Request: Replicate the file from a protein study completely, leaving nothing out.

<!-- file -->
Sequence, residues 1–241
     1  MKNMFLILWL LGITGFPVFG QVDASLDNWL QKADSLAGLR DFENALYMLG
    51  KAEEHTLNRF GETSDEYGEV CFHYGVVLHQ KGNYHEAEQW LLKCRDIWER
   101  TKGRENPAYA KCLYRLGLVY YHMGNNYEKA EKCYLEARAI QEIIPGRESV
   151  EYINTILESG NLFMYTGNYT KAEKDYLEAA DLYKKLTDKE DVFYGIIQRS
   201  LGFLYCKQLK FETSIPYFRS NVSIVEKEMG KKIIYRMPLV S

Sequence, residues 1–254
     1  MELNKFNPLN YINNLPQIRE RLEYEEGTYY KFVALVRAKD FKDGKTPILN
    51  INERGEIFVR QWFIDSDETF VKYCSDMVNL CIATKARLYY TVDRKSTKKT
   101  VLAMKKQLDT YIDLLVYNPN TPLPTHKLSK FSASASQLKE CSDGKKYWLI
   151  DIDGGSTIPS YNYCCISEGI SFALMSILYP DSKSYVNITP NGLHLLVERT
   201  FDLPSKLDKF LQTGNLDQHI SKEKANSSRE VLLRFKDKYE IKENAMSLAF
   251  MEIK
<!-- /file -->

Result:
Sequence, residues 1–241
     1  MKNMFLILWL LGITGFPVFG QVDASLDNWL QKADSLAGLR DFENALYMLG
    51  KAEEHTLNRF GETSDEYGEV CFHYGVVLHQ KGNYHEAEQW LLKCRDIWER
   101  TKGRENPAYA KCLYRLGLVY YHMGNNYEKA EKCYLEARAI QEIIPGRESV
   151  EYINTILESG NLFMYTGNYT KAEKDYLEAA DLYKKLTDKE DVFYGIIQRS
   201  LGFLYCKQLK FETSIPYFRS NVSIVEKEMG KKIIYRMPLV S

Sequence, residues 1–254
     1  MELNKFNPLN YINNLPQIRE RLEYEEGTYY KFVALVRAKD FKDGKTPILN
    51  INERGEIFVR QWFIDSDETF VKYCSDMVNL CIATKARLYY TVDRKSTKKT
   101  VLAMKKQLDT YIDLLVYNPN TPLPTHKLSK FSASASQLKE CSDGKKYWLI
   151  DIDGGSTIPS YNYCCISEGI SFALMSILYP DSKSYVNITP NGLHLLVERT
   201  FDLPSKLDKF LQTGNLDQHI SKEKANSSRE VLLRFKDKYE IKENAMSLAF
   251  MEIK